MARCH AGAINST HORSE SLAUGHTER — According to the most recent data (2013) from the Food and Agricultural Organization of the United Nations (FAO), horse meat production spans the globe and is a multi-million dollar business in terms of imports and exports across borders. 
The data taken from the FAO statistical database, in general, have been supplied by governments via national publications and FAO questionnaires (paper or electronic). To provide more comprehensive coverage of this data collection, official data have sometimes been supplemented with data from unofficial sources as well as information supplied by other national or international agencies. 
Where horse slaughter and horse meat production is concerned the data relate to horses slaughtered within national boundaries, irrespective of their origin. Moreover, all data shown relate to total meat production from both commercial and farm slaughter. 
Despite the availability of wide-ranging information on horse slaughter and horse meat production around the world, there are some discrepancies with the data, presumably due to estimates based on prior years, calculated data as well as imputation data. Imputation data refers to replacing missing data with substituted values using an appropriate imputation methodology.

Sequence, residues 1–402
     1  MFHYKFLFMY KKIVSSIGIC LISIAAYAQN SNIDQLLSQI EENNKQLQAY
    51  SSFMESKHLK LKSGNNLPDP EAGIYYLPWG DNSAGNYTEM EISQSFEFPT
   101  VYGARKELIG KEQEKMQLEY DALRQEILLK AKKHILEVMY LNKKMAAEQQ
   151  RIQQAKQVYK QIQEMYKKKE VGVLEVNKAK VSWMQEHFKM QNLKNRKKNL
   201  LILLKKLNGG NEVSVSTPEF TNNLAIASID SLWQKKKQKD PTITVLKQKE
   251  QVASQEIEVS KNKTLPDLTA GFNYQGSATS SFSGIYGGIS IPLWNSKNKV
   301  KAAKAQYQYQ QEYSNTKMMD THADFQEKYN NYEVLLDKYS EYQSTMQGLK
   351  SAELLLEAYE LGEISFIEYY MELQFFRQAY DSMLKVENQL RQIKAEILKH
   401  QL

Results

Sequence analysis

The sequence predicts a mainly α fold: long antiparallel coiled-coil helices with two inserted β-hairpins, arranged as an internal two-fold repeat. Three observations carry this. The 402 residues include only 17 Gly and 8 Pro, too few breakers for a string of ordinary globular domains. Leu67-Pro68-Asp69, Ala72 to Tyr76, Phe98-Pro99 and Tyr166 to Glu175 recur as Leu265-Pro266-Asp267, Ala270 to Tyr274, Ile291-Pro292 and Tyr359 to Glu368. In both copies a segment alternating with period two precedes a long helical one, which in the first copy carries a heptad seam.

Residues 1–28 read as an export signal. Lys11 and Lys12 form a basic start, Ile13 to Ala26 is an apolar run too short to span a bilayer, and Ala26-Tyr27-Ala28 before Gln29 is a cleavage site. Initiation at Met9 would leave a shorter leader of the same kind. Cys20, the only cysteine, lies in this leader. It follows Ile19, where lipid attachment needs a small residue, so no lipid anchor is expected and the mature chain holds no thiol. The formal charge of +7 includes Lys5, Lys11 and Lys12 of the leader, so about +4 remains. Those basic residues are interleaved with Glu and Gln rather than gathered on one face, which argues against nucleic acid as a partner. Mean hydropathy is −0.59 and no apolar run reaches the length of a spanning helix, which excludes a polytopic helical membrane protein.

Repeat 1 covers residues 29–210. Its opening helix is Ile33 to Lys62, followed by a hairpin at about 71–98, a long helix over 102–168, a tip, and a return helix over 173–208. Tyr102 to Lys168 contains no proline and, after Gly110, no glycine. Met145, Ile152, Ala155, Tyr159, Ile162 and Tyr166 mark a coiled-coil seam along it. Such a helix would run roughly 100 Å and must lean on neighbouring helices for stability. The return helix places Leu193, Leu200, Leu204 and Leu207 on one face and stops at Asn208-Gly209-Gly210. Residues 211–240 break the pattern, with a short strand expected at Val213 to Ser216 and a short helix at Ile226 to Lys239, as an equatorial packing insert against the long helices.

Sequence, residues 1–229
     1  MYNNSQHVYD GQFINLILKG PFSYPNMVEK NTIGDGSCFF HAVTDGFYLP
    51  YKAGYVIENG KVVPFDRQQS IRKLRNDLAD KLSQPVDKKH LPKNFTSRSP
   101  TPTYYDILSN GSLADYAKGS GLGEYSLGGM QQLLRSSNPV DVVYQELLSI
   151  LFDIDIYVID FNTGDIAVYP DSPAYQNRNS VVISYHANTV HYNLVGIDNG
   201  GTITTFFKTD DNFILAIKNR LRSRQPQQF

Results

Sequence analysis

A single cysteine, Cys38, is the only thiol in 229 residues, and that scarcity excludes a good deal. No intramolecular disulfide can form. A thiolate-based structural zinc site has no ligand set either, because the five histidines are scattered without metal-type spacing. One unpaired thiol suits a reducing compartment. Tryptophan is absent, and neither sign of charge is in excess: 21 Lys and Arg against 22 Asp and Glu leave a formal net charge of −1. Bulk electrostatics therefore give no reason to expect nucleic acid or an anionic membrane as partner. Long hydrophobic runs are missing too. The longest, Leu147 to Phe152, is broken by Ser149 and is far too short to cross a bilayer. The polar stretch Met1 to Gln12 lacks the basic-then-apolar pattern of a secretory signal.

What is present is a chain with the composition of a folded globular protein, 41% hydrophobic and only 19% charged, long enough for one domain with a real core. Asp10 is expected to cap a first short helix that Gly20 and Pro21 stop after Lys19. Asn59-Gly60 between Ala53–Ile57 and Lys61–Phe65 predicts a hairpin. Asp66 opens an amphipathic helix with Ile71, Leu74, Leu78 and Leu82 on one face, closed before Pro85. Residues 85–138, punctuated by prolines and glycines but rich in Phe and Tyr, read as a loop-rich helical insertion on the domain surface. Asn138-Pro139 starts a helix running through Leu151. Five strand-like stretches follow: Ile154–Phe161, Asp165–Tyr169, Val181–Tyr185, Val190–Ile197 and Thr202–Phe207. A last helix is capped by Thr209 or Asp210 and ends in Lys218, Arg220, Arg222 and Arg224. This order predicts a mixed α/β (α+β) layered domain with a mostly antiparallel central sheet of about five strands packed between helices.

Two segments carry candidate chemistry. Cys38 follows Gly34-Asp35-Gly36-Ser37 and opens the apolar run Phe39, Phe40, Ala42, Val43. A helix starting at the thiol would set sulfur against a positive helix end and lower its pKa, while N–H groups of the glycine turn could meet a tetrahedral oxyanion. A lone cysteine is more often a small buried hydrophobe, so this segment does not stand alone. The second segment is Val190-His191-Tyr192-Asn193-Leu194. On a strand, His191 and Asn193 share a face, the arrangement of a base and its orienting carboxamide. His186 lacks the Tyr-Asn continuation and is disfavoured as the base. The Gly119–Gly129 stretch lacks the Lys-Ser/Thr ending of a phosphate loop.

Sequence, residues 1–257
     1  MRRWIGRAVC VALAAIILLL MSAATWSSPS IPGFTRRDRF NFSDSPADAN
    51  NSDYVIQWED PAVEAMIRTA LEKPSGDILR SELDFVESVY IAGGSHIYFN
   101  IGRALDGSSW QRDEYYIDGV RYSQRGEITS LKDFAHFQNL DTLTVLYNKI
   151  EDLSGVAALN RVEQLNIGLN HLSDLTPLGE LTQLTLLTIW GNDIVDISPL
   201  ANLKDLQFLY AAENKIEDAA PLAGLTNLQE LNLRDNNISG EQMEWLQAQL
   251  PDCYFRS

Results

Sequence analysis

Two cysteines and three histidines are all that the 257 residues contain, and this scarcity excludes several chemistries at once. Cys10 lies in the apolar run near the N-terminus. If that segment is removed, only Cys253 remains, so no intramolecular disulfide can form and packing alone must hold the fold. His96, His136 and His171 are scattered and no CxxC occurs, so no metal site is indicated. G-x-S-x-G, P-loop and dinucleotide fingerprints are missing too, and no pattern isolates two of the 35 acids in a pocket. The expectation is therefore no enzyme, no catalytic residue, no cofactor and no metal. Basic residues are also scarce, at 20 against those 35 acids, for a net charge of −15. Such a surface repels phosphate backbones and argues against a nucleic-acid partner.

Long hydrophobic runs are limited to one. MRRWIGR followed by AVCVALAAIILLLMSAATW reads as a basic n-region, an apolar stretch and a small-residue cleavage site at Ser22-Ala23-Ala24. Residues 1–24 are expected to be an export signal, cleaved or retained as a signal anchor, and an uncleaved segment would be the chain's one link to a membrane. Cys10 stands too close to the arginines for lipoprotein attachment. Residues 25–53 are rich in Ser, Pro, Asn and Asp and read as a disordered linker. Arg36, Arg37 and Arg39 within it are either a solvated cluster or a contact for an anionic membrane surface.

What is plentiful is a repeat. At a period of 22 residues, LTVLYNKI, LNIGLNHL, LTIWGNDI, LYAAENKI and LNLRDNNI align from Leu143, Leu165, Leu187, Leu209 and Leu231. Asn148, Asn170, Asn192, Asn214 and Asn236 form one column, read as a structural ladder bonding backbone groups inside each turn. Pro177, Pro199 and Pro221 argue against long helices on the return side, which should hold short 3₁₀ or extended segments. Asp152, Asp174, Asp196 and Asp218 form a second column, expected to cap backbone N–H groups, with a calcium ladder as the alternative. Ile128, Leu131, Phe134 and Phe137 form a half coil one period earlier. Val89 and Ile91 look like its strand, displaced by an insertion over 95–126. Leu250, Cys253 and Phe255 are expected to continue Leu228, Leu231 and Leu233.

With respect to horse slaughter and meat production the FAO fails to recognize that since fiscal year 2006, Congress has annually prohibited the use of federal funds to inspect horses destined for food, effectively prohibiting domestic slaughter in the U.S. As a result, the slaughter market has shifted to Canada and Mexico.
According to the FAO, 70,216 tonnes of horse meat, from 280,863 slaughtered horses, were produced in the U.S. in 2013. This of course is inexplicable as horse slaughter (for human consumption) has been effectively shut down since 2007. At one point Bravo packing in Penns Grove, New Jersey was slaughtering horses to be sold exclusively to zoos to feed big cats and other carnivores.
In 2012, Governor Christie signed a state law banning horse slaughter for human consumption in the Garden State however Bravo opted to exploit the unfortunate loophole in the ban which fails to include the slaughter of horses in order to feed animals rather than humans. Whether this continues today is unclear.
Since horse slaughter and horse meat production unrelated to human consumption in the US likely represents a very small total relative to other countries that slaughter horses for meat, these figures have been left out of the data used to create the charts and tables that follow.
As a final point, the FAO data does not differentiate between horse meat production intended for human consumption, that which may be destined for pet food products or to feed exotic zoo animals. Nonetheless these data give an overview of the magnitude of horse slaughter and horse meat production on a global basis.
by JANE ALLIN
Horse Meat. Reuters. Via Fox News.